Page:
Intel 335 Series SSD Review – Low Price and Performance Through 20nm MLC Memory

It’s been roughly two years since the SSD industry transitioned to SATA 3 and many believed that Intel had missed the bus. Early leaks of the ‘Intel Road Map’ showed a mere X25 upgrade creating concern as the industry was graduating to SATA 3 and Intel had no 6Gbps design in place.

Intel jumped back to reality with the ‘Marvel’ based Intel 510 SATA 3 SSD and what we have seen since has been no less than remarkable.

It is almost like the Intel SSD boardroom has been equipped with a healthy stock of Red Bull. Since the 510, we have seen releases of the 320 Series, 710, 520, 330, 910, and today Intel is introducing it’s 330 update, the Intel 335 Series 20nm SATA 3 SSD which is being released in only a 240GB capacity at this point. With an MSRP of only $184, we may soon see 240GB SSD pricing get pushed down to that of the 120/128GB level before you know it. The true question will be whether 20nm horsepower can finally allow for that sweet value/performance handshake the SSD arena has been waiting for.


Intel 335 Series SSD specifications state that this SSD is capable of 500MB/s read and 450MB/s write with a high count of 52,000 IOPS at low 4K aligned write disk access.  As this is a ‘LSI SandForce Driven’ product, our bet is that Intel is being a bit conservative in performance specs and that we will be seeing more typical LSI SandForce speeds.  The 335 comes in only a 9.5mm standard size SSD casing and carries a standard three year warranty.


Included in the exterior packaging is the SSD, an external bracket for desktop systems, data and power cables, a Quick Start Guide, sticker, plenty of screws, and a mini-disk that you might think would hold such handy things as the Intel Toolbox and migration software.  The mini-disk contains only files that explain the warranty and instructions that provide links to the software download so don’t be so quick to turn off that wi-fi.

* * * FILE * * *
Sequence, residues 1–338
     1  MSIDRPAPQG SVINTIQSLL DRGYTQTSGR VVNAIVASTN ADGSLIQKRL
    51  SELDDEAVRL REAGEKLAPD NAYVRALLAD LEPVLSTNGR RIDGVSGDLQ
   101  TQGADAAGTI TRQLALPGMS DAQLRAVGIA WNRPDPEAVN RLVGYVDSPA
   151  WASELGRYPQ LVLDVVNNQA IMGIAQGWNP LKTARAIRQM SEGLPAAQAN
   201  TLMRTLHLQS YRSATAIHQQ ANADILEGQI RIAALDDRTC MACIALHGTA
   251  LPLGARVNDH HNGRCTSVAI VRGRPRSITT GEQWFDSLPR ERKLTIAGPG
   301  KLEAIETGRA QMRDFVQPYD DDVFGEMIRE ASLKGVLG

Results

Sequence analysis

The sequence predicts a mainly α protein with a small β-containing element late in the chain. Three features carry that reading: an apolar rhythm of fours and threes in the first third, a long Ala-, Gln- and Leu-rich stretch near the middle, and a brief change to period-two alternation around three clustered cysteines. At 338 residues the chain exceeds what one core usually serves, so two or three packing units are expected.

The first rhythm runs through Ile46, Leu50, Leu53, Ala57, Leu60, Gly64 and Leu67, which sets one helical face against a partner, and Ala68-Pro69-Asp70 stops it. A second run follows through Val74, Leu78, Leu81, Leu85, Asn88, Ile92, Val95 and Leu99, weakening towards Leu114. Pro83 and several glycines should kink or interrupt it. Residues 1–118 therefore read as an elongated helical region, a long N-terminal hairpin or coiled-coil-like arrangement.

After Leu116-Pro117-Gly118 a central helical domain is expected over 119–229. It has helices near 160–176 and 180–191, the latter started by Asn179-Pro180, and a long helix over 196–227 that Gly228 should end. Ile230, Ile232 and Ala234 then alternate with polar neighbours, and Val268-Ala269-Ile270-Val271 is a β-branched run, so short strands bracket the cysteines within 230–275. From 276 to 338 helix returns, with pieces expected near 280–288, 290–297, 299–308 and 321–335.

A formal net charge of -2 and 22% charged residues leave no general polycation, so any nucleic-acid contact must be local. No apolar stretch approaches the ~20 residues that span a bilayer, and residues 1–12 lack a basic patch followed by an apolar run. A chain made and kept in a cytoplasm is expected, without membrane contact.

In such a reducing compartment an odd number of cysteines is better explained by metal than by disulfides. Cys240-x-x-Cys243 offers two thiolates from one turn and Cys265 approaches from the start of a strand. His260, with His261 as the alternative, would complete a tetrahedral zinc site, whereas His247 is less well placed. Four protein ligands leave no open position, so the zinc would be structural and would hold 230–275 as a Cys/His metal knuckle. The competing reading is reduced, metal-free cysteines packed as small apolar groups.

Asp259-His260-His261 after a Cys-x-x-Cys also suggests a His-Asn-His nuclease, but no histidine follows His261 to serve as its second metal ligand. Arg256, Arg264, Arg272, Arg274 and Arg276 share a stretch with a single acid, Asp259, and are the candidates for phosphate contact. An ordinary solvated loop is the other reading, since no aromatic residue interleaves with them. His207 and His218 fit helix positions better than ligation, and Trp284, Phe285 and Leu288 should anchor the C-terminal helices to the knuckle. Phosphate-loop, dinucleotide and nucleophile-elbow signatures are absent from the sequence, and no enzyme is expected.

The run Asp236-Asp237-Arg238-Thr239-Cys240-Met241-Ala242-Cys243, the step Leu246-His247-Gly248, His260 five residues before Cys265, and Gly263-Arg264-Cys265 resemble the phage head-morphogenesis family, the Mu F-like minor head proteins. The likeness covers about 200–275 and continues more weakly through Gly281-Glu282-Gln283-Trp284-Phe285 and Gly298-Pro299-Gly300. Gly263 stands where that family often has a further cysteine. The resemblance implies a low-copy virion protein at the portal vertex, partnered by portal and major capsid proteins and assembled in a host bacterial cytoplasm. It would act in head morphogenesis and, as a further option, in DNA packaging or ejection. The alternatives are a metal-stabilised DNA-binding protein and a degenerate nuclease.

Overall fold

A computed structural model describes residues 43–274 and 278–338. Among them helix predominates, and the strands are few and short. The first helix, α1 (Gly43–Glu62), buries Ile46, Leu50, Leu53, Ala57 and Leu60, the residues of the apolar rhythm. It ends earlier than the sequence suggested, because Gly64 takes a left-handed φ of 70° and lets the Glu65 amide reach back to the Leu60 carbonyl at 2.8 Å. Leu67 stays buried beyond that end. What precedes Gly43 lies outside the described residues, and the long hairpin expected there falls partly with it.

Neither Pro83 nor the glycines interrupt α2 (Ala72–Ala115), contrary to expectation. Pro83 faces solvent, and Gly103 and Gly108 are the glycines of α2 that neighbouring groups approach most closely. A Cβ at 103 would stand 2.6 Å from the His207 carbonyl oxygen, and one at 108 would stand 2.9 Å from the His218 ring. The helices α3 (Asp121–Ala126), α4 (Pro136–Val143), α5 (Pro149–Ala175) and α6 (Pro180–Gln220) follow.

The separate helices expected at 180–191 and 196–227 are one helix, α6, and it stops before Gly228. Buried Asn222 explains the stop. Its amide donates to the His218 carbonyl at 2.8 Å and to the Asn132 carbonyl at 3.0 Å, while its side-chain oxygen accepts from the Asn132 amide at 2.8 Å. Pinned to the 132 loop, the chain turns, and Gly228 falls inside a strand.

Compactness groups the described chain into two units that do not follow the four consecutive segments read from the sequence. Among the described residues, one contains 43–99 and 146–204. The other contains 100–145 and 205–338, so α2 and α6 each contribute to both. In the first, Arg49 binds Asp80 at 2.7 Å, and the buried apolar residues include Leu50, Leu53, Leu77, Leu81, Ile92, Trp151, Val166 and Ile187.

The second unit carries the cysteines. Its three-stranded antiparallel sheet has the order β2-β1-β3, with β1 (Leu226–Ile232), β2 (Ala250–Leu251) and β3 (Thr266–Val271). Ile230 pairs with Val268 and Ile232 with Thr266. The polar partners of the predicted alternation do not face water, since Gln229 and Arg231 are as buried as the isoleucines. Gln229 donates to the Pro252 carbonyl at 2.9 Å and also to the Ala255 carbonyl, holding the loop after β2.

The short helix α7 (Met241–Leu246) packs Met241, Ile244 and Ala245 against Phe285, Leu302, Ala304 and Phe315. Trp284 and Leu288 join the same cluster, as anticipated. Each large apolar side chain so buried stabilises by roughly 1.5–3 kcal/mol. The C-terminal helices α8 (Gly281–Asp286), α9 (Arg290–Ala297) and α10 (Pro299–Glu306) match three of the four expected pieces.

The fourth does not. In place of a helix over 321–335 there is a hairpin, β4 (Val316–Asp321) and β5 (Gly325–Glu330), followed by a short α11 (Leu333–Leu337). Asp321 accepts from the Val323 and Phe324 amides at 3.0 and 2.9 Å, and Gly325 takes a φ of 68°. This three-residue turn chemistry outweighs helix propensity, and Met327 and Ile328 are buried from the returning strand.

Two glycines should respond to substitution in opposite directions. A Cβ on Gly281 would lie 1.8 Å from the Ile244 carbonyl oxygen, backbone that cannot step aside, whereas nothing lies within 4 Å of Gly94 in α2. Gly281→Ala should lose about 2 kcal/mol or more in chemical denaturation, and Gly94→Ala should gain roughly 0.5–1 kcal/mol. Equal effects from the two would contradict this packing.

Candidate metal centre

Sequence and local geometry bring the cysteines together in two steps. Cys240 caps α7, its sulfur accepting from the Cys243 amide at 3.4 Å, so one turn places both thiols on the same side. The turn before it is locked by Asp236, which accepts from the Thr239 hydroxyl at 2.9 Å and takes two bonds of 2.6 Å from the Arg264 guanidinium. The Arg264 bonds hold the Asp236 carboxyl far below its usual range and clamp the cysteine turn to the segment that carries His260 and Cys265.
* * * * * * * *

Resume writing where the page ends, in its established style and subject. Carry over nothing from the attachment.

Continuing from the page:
The exterior of the 335 is of a silver metal casing and secured by four screws that allow access to the printed circuit board (PCB). Unlike others, Intel doesn’t use any abnormal screw configurations or security tape to cover the screws, thus allowing all an easy avenue to check out the 20nm NAND flash memory first hand.

blankblankThe PCB contains the LSI SandForce SF-2281 Flash Storage Processor (FSP) and 16 modules of their brand new 20nm synchronous MLC NAND flash memory, eight on each side of the PCB.


Each module is 16GB in capacity for a total of 256GB, however, LSI SandForce over provisioning is set to 7%, reducing it to the advertised capacity of 240GB. Formatting of the Intel 335 leaves the consumer with an available capacity of 224GB.

blankblankClicking on any of of our photographs or charts will bring up that of a higher quality. In closer inspection, you might notice that the only change in product numbering between the new 20nm memory used here and the 25nm memory used in the Intel 520 is that the second to last character is an ‘F’ vice ‘E’ (29F16B08CCMF2).  Click on the letter ‘F’ to see the Intel 520’s memory.


  1. blank

    From your comments, it seems like this is equivalent in performance to 330 SSD, but the price in not much lower than current prices… in fact, today the 335 is more expensive on newegg than 330! (how does that happen?)… I am sure it will change. Is there something else I am missing on this SSD that makes it better for consumer? Just asking….

    • blank

      Technology is what makes this SSD so interesting. I must admit that I never expected retailers to actually up the manufacturers suggested listed price. For the most part, 20 nm memory increases the potential value and potential size of solid-state drives. Thanks ahead.

      • blank

        agreed, using 20nm is great. IF the price goes down due to 20nm, then it is interesting. So Intel and Plextor are the only companies with 19nm/20nm SSDs now?

      • blank

        BAD DRIVES – Sorry for OT, but Anandtech tested Intel 335 240GB (IMFT 20nm sync):…240gb-review/2

        “In a few days, I managed to write a total of 37.8TB to the NAND and during that time, the MWI had dropped from 92 to 79. In other words, I used up 13% of the drive’s available P/E cycles. This is far from being good news. Based on the data I gathered, the MWI would hit 0 after around 250TB of NAND writes, which translates to less than 1,000 P/E cycles.”

  2. blank

    Is there a reason for using very old Crystal Disk Info for test? Intels 330 shows the Host Write and NAND Write, I ask whether the 335 also can show that?

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